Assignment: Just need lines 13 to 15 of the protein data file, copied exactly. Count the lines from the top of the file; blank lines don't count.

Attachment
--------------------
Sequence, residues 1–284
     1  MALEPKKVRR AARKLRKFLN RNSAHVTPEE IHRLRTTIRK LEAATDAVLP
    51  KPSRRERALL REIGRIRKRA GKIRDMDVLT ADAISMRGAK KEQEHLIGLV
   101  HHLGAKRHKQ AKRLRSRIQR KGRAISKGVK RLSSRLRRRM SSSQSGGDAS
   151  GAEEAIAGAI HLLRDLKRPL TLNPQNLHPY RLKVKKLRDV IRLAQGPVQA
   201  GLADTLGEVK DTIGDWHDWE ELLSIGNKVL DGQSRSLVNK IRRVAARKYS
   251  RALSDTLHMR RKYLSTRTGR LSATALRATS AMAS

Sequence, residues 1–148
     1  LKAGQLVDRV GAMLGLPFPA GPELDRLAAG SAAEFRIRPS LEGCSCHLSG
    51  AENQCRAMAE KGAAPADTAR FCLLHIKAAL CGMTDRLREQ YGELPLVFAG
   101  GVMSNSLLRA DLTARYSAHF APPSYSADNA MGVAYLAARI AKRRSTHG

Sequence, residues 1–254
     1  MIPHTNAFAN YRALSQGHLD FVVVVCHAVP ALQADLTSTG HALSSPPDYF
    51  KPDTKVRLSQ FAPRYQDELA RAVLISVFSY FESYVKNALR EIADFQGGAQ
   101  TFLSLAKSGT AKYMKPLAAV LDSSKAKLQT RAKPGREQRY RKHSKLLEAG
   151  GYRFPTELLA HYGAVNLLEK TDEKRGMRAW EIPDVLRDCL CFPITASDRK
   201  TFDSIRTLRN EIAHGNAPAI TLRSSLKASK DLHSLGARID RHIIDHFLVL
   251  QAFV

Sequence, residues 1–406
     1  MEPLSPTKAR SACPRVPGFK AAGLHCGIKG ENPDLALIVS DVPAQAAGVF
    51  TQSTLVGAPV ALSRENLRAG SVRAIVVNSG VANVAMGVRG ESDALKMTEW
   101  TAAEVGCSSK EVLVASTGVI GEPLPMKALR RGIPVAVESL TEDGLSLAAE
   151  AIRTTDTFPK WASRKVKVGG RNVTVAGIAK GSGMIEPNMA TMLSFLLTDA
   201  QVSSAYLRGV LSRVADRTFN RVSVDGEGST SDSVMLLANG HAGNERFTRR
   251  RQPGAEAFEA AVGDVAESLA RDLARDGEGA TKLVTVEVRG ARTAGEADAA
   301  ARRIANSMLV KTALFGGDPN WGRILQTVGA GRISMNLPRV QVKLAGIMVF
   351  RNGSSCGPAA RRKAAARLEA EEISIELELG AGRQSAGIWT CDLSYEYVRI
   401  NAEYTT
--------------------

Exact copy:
     1  MIPHTNAFAN YRALSQGHLD FVVVVCHAVP ALQADLTSTG HALSSPPDYF
    51  KPDTKVRLSQ FAPRYQDELA RAVLISVFSY FESYVKNALR EIADFQGGAQ
   101  TFLSLAKSGT AKYMKPLAAV LDSSKAKLQT RAKPGREQRY RKHSKLLEAG